Investigating the business cycle properties of tourist flows to Barbados
This paper evaluates whether the tourism cycles of Barbados can be regarded as a direct consequence of business cycles of the UK, US, Canada and Barbados. The cyclical components of the series are extracted using the structural time series framework by Harvey, 1989, and the interrelations between the variables are evaluated using innovation accounting. The variance decompositions suggests that shocks to the source country business cycle series can explain up to 25 percent of the future variation of the Barbadian tourism cycle. Shocks to the Barbadian business cycle only seem to significantly affect the Canadian tourist cycle. This implies that for tourist arrivals from the US and UK are more influenced by economic developments in their respective home countries, rather than those of Barbados. Finally, Granger-causality tests indicate that past values of the source country business cycles can help better predict present values tourist arrivals to Barbados, while past values of the Barbadian cycle only Granger-cause the Canadian tourist cycle. An interesting observation is that there appears to be some delay in the reaction of the tourism cycle to the business cycles. Thus, policy makers should take advantage of the delay between the two cycles, and adopt some form of countercyclical policy to soften the impact of negative income shocks in the UK, US or Canada on the Barbadian economy.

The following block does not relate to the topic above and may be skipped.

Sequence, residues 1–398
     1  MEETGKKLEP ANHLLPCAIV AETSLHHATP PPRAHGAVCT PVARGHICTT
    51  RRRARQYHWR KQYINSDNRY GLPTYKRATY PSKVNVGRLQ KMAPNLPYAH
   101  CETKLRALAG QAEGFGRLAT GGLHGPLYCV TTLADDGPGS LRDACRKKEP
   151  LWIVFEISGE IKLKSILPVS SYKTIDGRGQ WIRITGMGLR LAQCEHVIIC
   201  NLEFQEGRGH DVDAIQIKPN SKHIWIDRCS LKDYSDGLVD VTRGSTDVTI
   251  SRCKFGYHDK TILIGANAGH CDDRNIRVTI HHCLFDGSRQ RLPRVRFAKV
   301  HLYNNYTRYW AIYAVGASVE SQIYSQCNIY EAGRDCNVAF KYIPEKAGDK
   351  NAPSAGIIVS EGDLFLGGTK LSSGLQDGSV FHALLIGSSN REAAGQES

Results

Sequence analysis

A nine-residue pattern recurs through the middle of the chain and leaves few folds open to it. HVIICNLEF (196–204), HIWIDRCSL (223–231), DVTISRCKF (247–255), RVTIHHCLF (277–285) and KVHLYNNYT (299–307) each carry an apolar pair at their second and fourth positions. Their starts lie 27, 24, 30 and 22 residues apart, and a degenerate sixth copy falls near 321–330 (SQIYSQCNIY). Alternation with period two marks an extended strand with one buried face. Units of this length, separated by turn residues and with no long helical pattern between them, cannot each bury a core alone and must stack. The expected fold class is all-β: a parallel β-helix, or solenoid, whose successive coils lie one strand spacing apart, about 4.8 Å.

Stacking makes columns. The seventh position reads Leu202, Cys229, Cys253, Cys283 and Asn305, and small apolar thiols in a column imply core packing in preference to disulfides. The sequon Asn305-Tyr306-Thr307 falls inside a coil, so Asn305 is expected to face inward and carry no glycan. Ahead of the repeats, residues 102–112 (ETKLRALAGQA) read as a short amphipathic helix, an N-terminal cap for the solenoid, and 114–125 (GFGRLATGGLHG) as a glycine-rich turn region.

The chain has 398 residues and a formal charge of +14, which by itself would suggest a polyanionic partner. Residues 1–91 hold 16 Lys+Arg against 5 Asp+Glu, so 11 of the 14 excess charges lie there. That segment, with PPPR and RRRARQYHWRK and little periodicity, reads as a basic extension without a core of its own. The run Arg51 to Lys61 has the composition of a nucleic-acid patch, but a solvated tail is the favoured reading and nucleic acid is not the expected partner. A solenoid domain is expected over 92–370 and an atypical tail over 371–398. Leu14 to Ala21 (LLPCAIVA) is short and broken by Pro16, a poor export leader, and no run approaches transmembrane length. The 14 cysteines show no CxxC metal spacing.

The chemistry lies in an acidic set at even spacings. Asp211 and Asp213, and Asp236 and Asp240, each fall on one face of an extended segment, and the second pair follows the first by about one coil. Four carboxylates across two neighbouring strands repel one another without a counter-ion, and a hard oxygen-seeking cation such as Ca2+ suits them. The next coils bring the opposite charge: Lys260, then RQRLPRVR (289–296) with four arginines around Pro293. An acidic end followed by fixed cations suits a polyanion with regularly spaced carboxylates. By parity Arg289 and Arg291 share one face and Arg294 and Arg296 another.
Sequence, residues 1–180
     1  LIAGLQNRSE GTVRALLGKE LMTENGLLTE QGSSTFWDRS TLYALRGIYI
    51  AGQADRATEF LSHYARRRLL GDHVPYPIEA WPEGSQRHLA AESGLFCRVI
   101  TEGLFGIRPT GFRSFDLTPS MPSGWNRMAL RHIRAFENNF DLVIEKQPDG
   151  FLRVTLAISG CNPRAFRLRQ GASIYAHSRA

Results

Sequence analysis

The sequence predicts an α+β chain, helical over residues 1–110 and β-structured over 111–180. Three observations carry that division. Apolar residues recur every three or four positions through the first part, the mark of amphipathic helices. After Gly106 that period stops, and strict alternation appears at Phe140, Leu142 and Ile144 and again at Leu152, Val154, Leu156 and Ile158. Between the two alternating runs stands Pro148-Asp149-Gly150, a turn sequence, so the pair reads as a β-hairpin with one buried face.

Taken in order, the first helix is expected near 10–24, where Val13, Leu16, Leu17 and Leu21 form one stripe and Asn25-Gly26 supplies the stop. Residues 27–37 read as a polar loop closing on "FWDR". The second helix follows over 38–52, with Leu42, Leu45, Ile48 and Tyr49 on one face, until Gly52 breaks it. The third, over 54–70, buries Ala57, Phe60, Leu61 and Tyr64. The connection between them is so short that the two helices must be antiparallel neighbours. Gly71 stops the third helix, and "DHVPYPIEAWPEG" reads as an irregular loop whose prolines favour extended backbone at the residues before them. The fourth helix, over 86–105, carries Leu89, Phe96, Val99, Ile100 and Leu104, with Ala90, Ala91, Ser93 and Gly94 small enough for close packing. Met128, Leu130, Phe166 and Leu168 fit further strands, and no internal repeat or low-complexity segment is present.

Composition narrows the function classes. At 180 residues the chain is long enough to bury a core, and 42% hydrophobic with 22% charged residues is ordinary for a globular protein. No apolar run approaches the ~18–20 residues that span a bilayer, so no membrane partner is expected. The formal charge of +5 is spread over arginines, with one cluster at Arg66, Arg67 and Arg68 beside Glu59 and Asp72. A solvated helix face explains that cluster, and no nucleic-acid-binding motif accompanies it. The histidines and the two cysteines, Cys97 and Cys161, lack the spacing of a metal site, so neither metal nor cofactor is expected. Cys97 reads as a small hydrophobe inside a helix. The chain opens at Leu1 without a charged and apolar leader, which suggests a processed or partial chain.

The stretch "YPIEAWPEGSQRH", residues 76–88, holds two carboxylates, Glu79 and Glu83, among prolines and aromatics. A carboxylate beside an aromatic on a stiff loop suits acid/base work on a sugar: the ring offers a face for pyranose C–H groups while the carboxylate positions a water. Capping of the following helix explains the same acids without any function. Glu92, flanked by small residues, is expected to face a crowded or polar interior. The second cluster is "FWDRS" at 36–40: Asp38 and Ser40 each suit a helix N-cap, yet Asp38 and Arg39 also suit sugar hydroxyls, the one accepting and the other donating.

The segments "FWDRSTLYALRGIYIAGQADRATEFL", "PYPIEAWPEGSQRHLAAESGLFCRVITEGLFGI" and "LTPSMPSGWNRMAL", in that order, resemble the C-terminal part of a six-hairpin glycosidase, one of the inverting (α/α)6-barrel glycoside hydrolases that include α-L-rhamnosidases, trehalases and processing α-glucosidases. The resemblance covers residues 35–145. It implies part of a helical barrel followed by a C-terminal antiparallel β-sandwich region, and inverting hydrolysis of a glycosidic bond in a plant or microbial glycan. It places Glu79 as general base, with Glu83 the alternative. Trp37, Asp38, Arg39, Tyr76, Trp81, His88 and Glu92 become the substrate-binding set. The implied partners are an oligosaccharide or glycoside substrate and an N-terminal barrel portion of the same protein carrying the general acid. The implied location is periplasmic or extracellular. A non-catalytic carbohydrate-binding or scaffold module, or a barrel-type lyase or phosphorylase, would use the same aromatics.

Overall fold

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- Timothy Cogley & James M. Nason, 1993.
"Effects of the Hodrick-Prescott filter on trend and difference stationary time series: implications for business cycle research,"
Working Papers in Applied Economic Theory
93-01, Federal Reserve Bank of San Francisco.
- Cogley, Timothy & Nason, James M., 1995. "Effects of the Hodrick-Prescott filter on trend and difference stationary time series Implications for business cycle research," Journal of Economic Dynamics and Control, Elsevier, vol. 19(1-2), pages 253-278.
- Jackman M.M., 2012. "Revisiting The Tourism-Led Growth Hypothesis For Barbados: A Disaggregated Market Approach," Regional and Sectoral Economic Studies, Euro-American Association of Economic Development, vol. 12(2).
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